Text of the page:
Skip to comments.Banks Quietly Ramping Up Costs to Consumers
Posted on 11/14/2011 4:00:12 AM PST by Cardhu
Even as Bank of America and other major lenders back away from charging customers to use their debit cards, many banks have been quietly imposing other new fees.
Need to replace a lost debit card? Bank of America now charges $5 or $20 for rush delivery.
Deposit money with a mobile phone? At U.S. Bancorp, it is now 50 cents a check.
Want cash wired to your account? Starting in December, that will cost $15 for each incoming domestic payment at TD Bank. Facing a reaction from an angry public and heightened scrutiny from regulators, banks are turning to all sorts of fees that fly under the radar. Everything, it seems, has a price.
Banks tried the in-your-face fee with debit cards, and consumers said enough, said Alex Matjanec, a co-founder of MyBankTracker.com. What most people dont realize is that they have been adding new charges or taking fees that have always existed and increased them, or are making them harder to avoid.
Banks can still earn a profit on most checking accounts. But they are under intense pressure to make up an estimated $12 billion a year of income that vanished with the passage of rules curbing lucrative overdraft charges and lowering debit card swipe fees. In addition, with lending at anemic levels and interest rates close to zero, banks are struggling to find attractive places to lend or invest all the deposits they hold. That poses another $8 billion drag.
Put another way, banks would need to recoup, on average, between $15 and $20 a month from each depositor just to earn what they did in the past, according to an analysis of the interest rate and regulatory changes on checking accounts by Oliver Wyman, a financial consulting firm.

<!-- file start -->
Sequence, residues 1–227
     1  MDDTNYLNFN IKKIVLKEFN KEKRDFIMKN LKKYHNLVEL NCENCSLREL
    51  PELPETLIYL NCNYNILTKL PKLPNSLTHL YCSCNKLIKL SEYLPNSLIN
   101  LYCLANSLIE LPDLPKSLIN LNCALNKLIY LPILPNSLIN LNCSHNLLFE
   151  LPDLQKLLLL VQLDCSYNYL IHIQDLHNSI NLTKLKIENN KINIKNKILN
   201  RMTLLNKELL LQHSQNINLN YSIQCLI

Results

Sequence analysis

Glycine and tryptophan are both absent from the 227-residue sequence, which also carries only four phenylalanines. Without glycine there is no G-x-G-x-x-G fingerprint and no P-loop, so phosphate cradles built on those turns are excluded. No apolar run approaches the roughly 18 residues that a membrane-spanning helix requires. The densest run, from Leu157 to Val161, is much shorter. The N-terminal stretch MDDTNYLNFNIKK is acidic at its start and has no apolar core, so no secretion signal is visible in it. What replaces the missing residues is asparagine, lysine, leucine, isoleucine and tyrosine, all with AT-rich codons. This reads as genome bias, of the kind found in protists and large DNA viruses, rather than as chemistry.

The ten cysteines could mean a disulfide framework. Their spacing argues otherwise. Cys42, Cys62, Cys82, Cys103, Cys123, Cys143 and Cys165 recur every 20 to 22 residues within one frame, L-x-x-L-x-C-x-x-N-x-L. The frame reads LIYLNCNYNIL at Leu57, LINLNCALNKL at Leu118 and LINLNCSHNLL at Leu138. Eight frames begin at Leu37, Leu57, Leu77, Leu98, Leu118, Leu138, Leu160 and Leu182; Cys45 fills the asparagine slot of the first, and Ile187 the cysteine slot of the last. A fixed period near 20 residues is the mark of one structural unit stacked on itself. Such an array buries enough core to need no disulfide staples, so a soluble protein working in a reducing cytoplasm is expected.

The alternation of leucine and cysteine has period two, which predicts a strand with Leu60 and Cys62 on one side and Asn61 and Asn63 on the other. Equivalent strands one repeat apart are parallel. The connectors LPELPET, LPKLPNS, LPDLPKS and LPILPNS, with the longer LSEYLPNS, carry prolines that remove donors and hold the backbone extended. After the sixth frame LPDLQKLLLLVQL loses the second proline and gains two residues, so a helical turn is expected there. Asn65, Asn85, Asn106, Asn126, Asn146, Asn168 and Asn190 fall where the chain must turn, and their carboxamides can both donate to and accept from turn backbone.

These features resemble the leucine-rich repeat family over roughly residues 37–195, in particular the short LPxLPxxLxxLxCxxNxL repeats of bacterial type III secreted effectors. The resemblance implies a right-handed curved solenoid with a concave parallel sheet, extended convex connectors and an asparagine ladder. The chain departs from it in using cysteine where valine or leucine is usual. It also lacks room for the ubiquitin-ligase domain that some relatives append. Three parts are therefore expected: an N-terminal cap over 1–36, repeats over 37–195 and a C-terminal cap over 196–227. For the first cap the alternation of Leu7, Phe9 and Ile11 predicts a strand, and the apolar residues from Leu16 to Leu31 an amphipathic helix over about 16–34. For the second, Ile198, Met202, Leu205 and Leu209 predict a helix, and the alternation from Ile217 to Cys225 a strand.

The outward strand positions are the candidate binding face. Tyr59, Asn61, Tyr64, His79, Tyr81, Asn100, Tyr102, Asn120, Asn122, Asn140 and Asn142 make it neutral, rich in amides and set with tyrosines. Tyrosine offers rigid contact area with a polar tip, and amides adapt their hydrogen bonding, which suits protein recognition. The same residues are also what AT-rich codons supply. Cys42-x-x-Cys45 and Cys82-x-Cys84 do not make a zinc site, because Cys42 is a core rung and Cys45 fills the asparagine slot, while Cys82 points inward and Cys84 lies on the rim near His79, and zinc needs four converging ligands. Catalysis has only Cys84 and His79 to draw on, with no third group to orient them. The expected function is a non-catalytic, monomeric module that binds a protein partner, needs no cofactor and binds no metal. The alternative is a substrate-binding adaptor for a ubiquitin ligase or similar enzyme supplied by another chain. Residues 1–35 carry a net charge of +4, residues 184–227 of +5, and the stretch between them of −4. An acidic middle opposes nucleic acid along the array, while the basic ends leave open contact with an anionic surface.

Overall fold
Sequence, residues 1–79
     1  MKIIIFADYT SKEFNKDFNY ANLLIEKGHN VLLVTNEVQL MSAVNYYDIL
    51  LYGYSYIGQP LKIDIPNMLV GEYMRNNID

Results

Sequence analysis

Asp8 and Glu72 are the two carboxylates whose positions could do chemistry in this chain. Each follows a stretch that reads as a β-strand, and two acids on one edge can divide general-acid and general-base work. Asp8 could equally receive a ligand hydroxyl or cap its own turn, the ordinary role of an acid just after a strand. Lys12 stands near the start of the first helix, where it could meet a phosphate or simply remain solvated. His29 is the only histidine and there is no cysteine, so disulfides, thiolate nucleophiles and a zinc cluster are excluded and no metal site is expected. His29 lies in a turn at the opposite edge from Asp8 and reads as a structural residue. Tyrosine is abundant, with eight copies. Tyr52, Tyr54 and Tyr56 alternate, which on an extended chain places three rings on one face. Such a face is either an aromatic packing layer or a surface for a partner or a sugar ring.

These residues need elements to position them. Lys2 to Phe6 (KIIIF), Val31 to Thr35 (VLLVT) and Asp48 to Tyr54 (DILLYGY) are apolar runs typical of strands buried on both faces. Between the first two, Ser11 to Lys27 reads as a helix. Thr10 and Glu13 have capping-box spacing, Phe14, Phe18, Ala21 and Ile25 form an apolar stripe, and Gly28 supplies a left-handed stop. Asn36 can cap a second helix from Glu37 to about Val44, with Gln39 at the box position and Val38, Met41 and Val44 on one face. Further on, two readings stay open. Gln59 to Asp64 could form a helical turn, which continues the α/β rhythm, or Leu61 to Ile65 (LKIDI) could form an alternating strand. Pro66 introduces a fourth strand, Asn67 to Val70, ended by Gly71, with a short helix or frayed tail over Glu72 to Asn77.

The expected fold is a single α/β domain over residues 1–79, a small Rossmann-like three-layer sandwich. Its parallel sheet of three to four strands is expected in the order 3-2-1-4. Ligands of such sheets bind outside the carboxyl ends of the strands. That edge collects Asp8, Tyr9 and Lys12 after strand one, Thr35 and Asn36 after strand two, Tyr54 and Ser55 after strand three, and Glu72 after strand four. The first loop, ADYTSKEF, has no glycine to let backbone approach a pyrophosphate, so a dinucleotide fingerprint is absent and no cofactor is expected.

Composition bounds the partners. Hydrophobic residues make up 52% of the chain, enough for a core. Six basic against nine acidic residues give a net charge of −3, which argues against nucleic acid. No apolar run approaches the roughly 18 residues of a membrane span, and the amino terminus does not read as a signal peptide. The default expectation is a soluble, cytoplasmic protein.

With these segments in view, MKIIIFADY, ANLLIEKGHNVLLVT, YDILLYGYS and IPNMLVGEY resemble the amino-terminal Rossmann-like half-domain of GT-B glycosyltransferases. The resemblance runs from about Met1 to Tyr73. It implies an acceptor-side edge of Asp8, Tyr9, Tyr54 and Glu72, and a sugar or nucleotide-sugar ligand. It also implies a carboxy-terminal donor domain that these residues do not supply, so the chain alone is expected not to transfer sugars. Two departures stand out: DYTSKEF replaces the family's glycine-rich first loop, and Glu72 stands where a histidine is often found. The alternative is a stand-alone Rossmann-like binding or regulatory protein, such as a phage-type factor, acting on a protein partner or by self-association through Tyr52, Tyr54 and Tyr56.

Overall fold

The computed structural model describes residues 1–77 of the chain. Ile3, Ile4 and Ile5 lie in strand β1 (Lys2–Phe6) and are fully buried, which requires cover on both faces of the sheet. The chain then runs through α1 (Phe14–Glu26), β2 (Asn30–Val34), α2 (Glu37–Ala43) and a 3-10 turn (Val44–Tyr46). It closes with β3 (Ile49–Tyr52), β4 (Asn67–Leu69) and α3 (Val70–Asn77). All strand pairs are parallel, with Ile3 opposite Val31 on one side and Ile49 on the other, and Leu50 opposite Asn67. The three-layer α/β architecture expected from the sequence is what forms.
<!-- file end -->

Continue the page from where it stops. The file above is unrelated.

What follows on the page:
(Excerpt) Read more at nytimes.com ...
$85 and $115
Fair enough, they should see what I charge for my services.
What’s the difference between a wired deposit and a direct deposit? Everybody wants you to go to paperless deposits and now you get hit with extra fees anyway.
I hate paying fees as much as anyone else does, but the banks are really in the difficult position of trying to run themselves as a business even while their customers think of them as a public utility where their services should be just about free.
Like everything else they do, now the responsible people have to pay for the losers on society.
If you dont want the fees then dont do business with banks.
...government to follow suit.
The secret is to find a different bank. Unless you live in the sewer of a very large city it should not be that hard.
How do you do that? I have an online account with my C.U. but can't find a port on my computer to stuff cash in. Transfer from account to account, yes.
I’ve noticed changes in my favorite bank, who used to go out of their way to avoid charging you. They USED to cash the smallest checks first, to avoid the bounce-after-bounce death, but not anymore.
I get charged if I do a paper deposit. More than six a month and it is a $5 fee/
ever heard of a credit union. DOH!
Jumping in, there is another alternative to a bank.
If you have an account with one of the brokerage firms, they will provide a debit card free and pay the ATM fees for withdrawals from anywhere. Deposits are made direct electronically. The costs to you are zero. They will also provide paper checks.
The thought that must be remembered is that money is not paper. Money is electrons on an electronic ledger. If you learn to move electrons around, you do not need paper.
I was thinking the same thing.
Time to go talk to the banker...